Stealth librarianship is a way of being.
This particular edition of the manifesto applies to academic libraries. The principles of stealth librarianship apply to all branches of the profession, each in particular ways. Other manifestos could exist for, say, public or corporate librarians.
However the core is the same: to thrive and survive in a challenging environment, we must subtly and not-so-subtly insinuate ourselves into the lives of our patrons. We must concentrate on becoming part of their world, part of their landscape.
Our two core patron communities as academic librarians are faculty and students. This manifesto concerns faculty. A later manifesto may address infiltrating student communities with stealth librarians. Or, you can write that one yourself. Go for it.
The jobs of faculty comprise research, teaching and service. We must stealthfully insinuate ourselves in those areas. We must make our laser-like core focus our patrons.
- We must stop going to librarian conferences and instead attend conferences where our patrons will be present.
- We must stop presenting only to our fellow librarians. That’s what Twitter is for. We must make our case to our patrons on their turf, not make our case to ourselves on our own turf.
- Where possible, we must collaborate with faculty in presentations.
- We must stop reading the formal library literature. That’s what librar* blogs are for. We must familiarize ourselves with the literature and scholarly communications ecosystems of our patron communities.
- We must stop writing the formal library literature. That’s what librar* blogs are for. We must make our case for the usefulness of what we do in the literature of our patron communities.
- We must stop joining librarian associations. That’s what Friendfeed and Facebook are for. (Go LSW!) We must instead join associations that revolve around our patron communities.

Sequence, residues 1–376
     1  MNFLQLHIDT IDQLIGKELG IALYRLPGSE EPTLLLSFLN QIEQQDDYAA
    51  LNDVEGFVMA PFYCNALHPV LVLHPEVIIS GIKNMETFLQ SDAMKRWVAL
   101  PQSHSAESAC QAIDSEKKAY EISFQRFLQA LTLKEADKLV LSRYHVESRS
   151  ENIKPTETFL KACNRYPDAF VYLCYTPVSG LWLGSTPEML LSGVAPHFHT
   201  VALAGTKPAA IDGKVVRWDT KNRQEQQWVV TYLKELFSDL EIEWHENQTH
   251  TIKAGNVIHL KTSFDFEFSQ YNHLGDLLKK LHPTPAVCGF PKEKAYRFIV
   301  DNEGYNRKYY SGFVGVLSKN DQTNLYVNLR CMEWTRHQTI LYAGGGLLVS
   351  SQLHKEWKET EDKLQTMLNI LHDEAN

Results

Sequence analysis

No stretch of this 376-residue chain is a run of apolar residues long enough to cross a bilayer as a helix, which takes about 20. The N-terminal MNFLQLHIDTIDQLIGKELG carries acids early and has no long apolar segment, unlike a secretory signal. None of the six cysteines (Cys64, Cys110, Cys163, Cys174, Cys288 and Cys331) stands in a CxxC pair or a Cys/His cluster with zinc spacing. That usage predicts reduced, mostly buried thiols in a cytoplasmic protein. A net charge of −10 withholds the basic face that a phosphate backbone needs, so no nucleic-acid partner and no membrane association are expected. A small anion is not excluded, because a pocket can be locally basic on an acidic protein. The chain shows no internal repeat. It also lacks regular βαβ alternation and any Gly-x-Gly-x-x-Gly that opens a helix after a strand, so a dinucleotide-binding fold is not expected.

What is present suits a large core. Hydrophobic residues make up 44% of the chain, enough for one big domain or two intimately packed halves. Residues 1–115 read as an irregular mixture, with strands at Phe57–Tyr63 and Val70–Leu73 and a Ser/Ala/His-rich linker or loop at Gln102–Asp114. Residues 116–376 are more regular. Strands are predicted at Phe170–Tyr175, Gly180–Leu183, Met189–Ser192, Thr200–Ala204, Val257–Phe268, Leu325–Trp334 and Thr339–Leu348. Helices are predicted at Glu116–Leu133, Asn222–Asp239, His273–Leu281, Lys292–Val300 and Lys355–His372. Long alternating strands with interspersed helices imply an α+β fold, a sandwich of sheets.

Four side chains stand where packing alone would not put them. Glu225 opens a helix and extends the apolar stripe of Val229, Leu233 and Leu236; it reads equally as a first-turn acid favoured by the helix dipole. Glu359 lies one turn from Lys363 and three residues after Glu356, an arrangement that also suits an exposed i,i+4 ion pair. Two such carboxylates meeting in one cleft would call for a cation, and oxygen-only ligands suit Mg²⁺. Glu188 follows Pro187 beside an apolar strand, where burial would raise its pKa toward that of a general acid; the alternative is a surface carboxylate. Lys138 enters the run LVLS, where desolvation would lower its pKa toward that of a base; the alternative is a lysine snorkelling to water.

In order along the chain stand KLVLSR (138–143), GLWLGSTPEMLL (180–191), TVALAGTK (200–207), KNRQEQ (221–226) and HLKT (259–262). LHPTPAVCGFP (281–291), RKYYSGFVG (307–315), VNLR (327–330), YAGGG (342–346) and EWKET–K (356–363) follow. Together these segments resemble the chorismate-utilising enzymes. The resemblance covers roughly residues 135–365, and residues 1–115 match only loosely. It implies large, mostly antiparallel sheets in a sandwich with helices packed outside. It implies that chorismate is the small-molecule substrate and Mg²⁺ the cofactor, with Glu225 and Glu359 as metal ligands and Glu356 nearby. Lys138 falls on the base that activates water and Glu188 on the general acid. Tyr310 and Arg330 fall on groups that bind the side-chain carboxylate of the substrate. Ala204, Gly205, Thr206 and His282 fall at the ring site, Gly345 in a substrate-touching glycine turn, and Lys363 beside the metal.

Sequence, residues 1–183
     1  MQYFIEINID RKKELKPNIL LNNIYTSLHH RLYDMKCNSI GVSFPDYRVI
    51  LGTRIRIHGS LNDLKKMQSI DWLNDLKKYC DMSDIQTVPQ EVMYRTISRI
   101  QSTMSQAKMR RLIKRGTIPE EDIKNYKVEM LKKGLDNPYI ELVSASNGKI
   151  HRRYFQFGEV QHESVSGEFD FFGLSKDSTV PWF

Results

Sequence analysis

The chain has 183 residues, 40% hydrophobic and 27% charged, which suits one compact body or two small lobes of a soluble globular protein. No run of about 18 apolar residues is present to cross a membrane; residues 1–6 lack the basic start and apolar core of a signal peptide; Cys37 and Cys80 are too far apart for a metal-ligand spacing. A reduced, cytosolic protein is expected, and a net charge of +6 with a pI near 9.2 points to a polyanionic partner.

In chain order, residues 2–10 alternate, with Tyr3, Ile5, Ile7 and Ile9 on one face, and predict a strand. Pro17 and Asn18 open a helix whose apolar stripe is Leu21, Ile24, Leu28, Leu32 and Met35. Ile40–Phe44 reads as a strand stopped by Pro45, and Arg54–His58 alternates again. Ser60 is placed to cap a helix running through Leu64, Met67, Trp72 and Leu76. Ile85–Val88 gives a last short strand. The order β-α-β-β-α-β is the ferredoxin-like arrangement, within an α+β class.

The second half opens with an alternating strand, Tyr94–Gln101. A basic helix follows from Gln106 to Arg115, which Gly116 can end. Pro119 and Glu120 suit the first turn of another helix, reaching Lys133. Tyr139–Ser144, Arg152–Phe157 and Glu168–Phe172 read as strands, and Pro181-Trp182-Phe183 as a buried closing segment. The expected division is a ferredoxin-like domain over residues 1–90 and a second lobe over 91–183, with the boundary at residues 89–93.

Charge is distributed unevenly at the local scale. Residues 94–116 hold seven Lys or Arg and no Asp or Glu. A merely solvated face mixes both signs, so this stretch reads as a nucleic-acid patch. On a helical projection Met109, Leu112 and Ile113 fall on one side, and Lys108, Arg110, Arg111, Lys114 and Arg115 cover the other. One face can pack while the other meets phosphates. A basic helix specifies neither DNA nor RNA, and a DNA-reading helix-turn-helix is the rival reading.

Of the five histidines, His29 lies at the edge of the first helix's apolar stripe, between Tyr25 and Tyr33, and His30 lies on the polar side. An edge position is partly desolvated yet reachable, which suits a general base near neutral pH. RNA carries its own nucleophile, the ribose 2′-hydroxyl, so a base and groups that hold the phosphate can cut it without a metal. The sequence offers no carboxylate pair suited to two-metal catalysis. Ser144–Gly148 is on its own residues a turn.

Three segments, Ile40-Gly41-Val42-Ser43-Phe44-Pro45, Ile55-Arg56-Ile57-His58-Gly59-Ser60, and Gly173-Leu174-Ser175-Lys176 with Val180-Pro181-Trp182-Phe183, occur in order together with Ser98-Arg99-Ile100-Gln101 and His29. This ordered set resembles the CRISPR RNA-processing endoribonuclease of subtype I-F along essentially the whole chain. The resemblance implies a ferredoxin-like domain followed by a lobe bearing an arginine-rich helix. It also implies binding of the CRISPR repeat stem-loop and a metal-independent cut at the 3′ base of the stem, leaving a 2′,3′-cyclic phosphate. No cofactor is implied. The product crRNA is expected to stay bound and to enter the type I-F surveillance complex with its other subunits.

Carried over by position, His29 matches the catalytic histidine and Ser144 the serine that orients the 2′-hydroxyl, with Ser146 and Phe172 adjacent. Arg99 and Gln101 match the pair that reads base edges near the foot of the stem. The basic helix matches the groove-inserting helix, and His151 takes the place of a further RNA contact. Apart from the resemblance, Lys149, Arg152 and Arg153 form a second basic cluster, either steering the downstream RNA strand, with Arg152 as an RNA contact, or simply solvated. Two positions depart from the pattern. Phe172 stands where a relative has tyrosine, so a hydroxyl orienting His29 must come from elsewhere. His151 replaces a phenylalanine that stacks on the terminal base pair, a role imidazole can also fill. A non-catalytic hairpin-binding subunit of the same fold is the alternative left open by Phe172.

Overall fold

- We must not segregate ourselves within “library divisions” in those organizations but must partake fully in those associations. As above, this includes conferences and society publications.
- In terms of engaging faculty at conferences and in the literature, we must engage both their teaching and research roles.
- We must stop serving on so damn many library committees and make time to sit on committees at all levels of our institutions’ governance structure. It may take time and considerable effort to stealthily insinuate ourselves into all the places we belong.
- We must invite ourselves to and actively participate in departmental meetings, faculty councils, senates and whatever other bodies make sense.
- We must integrate ourselves as fully into the teaching mission and classroom environment of our faculty as staffing levels allow. We have much of value to teach their students and can help faculty fulfill their curricular goals.
- We must fully engage our faculty in the social networking spaces where they live. As well as all the library people we engage, we must also follow and interact with our patrons on Twitter, Facebooks and other sites, where appropriate.
- Add your manifesto element here.
A couple of final points.
As with all manifestos, this one is subject to the failings of hyperbole and oversimplification. Think of it as a series of provocative statements not a realistic plan of action. For example, I don’t really think we should all abandon our professional associations.
This is based on hope and promise, not despair.
Similarly, it is incomplete and flawed. Please feel free to add to it in the comments as well as suggesting modifications and deletions. Certainly the education part could be expanded.
And the student one. Let’s start building that one together in the comments.
And yes, I did really start thinking about this at Science Online 2011, with some ideas here and here. I also started germinating some of these thoughts after seeing how the library sessions at Science Online 2010 worked out, see here and here, noting how the session on Reference Managers was better attended and didn’t have “library” in the title. And looking further back, it’s a fairly common theme for my blogging, for example here and here.
What does this all mean? I’m not sure. But it’s worth thinking about.
Finally, this document is released under the CC0 license. Have at it.
Update 2011.02.23: Some futher links and reaction to this manifesto:
- Going native with stealthy librarian ninjas
- A stealthy library scout, armed with a lead pipe
- I prefer Ninja Librarianship, myself
- A Stealth Librarianship Manifesto: Some thoughts
- A Stealth Librarianship Manifesto
- Talking with faculty
- Neat reads round-up
- Working More Closely with Faculty
- A Stealth Librarian Manifesto (from Confessions of a Science Librarian)
- Lead Pipe Debates the Stealth Librarianship Manifesto